Repentance as Cultural Engagement

…From whence I have often since observed, how incongruous and irrational the common temper of mankind is, especially of youth, to that reason which ought to guide them in such cases, viz., that they are not ashamed to sin, and yet are ashamed to repent; not ashamed of the action, for which they ought justly to be esteemed fools; but are ashamed of the returning, which only can make them be esteemed wise men.  ~ Daniel Defoe, Robinson Crusoe


Pride is the anti-gospel. It promises exaltation but ultimately belittles. In the passage above, Defoe says we’re unashamed to sin, yet we’re too ashamed to repent. I know by experience what he’s describing. In the past, I have worked myself into a shameless rage only to refuse the one remedy to restore relationships and show that I possessed an ounce of wisdom- repentance.

The apostle Paul argued that this problem is deep rooted, permeating any culture that we encounter. Mankind doesn’t see fit to acknowledge God (Romans 1:28), and it replaces a life of praise to God with a life of praise to every god that it can create.

How does this point us to the cultural implications of this problem? Our culture, no matter its strengths or advances, has incurred the wrath of God (Romans 1:18) by its spiraling tendency to self-preeminence.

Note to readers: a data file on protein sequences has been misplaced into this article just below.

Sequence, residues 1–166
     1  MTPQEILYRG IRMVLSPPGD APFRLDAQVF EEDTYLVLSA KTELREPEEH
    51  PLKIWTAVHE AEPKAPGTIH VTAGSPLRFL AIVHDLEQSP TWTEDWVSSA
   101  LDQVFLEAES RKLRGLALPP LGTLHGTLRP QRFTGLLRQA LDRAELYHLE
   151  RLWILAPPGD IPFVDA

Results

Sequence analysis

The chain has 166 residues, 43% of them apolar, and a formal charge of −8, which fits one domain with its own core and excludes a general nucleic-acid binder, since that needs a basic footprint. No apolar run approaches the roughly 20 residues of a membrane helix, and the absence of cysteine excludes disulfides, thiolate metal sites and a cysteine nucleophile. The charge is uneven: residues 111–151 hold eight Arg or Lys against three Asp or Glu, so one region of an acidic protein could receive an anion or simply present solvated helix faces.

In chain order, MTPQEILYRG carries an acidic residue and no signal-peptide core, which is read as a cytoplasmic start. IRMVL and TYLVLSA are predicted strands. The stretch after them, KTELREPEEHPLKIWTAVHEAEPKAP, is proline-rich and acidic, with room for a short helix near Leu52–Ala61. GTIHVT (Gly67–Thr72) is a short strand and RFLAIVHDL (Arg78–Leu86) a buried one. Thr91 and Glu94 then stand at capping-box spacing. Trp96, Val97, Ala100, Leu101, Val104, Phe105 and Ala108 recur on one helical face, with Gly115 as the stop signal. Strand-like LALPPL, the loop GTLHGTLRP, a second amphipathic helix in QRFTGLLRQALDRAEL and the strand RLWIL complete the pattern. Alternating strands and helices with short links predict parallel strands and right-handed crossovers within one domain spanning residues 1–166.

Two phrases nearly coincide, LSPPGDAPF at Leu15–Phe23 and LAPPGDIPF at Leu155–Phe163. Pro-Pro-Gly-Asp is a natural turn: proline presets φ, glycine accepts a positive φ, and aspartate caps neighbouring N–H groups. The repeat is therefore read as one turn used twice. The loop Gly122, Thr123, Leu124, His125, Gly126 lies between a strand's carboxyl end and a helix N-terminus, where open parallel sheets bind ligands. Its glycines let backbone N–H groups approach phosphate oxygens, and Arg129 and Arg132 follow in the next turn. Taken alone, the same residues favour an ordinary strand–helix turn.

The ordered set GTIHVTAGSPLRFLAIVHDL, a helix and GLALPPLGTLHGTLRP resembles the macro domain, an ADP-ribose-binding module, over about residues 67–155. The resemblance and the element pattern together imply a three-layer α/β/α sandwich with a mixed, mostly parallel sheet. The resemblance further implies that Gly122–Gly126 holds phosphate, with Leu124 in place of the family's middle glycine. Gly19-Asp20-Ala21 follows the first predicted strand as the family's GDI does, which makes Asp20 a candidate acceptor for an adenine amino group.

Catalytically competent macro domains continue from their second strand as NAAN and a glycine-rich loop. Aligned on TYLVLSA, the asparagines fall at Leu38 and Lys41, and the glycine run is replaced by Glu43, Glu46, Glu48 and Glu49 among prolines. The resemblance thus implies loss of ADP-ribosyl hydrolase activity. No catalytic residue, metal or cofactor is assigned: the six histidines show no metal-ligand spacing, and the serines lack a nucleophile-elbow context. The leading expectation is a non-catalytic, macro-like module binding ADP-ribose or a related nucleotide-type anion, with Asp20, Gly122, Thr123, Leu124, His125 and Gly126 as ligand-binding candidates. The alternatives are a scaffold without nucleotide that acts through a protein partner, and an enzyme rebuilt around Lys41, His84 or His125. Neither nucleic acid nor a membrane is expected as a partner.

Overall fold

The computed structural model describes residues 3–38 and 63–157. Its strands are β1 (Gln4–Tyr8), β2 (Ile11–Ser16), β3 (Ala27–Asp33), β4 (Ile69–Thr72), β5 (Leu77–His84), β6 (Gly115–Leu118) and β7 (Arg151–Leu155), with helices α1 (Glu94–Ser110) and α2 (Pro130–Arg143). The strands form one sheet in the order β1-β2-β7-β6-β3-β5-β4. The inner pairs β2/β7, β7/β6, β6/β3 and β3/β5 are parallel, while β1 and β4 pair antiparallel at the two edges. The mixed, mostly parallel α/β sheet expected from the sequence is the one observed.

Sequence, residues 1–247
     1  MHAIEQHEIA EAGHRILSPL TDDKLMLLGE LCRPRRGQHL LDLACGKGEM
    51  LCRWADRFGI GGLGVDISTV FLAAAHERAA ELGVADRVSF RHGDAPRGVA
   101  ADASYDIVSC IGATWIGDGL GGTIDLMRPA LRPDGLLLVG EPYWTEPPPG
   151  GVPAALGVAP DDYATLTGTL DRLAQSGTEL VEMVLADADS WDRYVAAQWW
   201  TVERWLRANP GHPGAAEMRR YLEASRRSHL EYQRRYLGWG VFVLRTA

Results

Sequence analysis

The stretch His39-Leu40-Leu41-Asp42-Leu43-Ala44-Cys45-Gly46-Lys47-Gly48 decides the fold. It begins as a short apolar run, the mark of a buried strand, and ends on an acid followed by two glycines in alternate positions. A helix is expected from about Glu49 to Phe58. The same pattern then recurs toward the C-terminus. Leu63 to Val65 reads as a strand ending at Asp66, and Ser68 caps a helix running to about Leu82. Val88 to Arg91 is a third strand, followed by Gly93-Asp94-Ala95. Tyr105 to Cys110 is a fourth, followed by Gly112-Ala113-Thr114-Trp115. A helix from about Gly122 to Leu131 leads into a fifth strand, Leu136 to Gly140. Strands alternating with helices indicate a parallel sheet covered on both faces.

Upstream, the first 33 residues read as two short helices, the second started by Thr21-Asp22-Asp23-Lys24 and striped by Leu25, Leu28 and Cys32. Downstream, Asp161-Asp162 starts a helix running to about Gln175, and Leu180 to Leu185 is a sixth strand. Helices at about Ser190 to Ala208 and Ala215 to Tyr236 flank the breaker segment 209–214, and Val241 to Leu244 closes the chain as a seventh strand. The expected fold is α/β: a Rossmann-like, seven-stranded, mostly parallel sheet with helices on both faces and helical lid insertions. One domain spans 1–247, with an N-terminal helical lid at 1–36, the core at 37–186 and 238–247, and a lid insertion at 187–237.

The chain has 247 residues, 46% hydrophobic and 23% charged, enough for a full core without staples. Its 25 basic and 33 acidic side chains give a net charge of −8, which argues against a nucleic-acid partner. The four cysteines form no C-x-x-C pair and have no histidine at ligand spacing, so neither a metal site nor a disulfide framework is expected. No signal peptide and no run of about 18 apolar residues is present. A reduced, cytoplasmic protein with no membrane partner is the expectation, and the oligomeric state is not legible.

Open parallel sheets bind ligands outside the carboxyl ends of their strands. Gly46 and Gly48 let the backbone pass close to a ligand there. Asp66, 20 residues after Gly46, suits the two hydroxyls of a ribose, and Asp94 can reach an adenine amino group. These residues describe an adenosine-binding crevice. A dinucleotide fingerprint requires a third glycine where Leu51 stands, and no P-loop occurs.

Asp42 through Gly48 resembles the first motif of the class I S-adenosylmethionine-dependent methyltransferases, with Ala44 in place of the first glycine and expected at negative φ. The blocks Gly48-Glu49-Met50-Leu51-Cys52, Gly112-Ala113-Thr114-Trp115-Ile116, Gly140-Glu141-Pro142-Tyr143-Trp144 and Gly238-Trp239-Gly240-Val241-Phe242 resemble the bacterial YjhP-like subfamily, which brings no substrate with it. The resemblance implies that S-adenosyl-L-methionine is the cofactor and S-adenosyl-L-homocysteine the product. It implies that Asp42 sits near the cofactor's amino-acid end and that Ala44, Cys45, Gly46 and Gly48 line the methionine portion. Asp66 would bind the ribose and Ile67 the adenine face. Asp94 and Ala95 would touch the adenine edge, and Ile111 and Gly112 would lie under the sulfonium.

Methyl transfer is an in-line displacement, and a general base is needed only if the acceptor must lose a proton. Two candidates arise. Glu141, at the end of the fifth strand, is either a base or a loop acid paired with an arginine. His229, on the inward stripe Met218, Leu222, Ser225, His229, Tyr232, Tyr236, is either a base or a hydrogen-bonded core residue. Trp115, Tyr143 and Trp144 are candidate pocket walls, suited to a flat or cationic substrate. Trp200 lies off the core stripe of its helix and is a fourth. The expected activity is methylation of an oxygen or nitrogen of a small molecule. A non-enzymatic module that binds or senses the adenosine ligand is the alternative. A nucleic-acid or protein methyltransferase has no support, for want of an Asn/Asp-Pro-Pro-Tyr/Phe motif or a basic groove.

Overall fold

The church can be tempted to leave it there. “Yep, the world is a mess. It doesn’t know God.” The real brokenness is out there. But Paul wrote Romans 2, among other reasons, to remind us that we stand in the same fearful need. Here is where we have a wonderful chance to remind ourselves of what it means to take the gospel to our culture and see its ability to use us in our brokenness and failures.

If repentance and faith are our means of relating to God, then these characteristics should lie at the foundation of the life of the church. A repentant and believing church shows how powerful the gospel is by demonstrating that faith and repentance aren’t just things that we did at one point in the past- it’s our working out the salvation begun in us (Philippians 2:12-13). Paul wrote to the Corinthians:

“Now I would remind you, brothers, of the gospel I preached to you, which you received, in which you stand, and by which you are being saved, if you hold fast to the word I preached to you –unless you believed in vain.” 1 Corinthians 15:1-2

Make no mistake about it, your salvation is still happening. Ultimately, these gospel realities show to the watching world that the gospel matters- all the time. If I am truly communing with the Lord in faith and repentance, the people I interact with will see that, quoth the hymn: “My hope is built on nothing less, than Jesus’ blood and righteousness.” He will root out the self-righteousness in me and thereby free me to truly engage culture as an humbled minister of reconciliation.

When our Lord and Master Jesus Christ said “Repent,” he intended that the entire life of believers should be repentance. ~ Martin Luther

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